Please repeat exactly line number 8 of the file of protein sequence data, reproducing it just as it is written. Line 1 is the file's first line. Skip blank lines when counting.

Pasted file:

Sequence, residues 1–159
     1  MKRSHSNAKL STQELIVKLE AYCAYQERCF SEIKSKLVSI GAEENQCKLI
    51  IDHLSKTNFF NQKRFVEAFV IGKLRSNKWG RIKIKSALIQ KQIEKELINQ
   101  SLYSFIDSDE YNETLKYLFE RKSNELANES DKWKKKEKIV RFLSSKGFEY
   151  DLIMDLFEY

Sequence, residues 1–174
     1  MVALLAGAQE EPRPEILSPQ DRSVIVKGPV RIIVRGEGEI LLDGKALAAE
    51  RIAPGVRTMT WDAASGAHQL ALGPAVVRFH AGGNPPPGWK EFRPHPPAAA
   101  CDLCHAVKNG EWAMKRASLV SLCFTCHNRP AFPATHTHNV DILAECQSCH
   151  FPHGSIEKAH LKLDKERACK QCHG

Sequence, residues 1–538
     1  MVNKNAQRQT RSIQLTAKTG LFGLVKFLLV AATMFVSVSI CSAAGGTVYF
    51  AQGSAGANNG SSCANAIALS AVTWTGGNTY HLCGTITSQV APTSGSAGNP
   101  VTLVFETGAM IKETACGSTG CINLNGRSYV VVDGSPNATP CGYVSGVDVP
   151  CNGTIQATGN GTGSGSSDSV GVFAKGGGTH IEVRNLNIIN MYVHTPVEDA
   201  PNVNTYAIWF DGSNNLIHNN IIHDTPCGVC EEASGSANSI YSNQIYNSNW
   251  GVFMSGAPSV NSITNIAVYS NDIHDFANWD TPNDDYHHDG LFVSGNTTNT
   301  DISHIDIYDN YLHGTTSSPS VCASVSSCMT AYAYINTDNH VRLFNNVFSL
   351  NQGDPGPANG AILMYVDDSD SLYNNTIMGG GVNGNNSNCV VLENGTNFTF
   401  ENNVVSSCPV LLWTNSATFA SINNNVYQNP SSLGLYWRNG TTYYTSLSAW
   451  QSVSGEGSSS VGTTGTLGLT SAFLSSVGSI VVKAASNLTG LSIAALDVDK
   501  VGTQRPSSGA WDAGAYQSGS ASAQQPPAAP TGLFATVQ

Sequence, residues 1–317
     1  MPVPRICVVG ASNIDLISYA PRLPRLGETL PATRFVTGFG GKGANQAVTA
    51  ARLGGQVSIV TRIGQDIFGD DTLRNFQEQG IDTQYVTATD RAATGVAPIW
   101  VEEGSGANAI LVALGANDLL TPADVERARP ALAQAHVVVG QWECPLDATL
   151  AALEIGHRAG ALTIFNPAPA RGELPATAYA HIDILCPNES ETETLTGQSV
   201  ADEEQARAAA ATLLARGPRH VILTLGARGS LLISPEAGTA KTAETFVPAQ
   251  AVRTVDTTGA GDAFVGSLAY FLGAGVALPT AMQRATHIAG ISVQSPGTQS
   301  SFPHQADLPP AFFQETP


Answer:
    51  RIAPGVRTMT WDAASGAHQL ALGPAVVRFH AGGNPPPGWK EFRPHPPAAA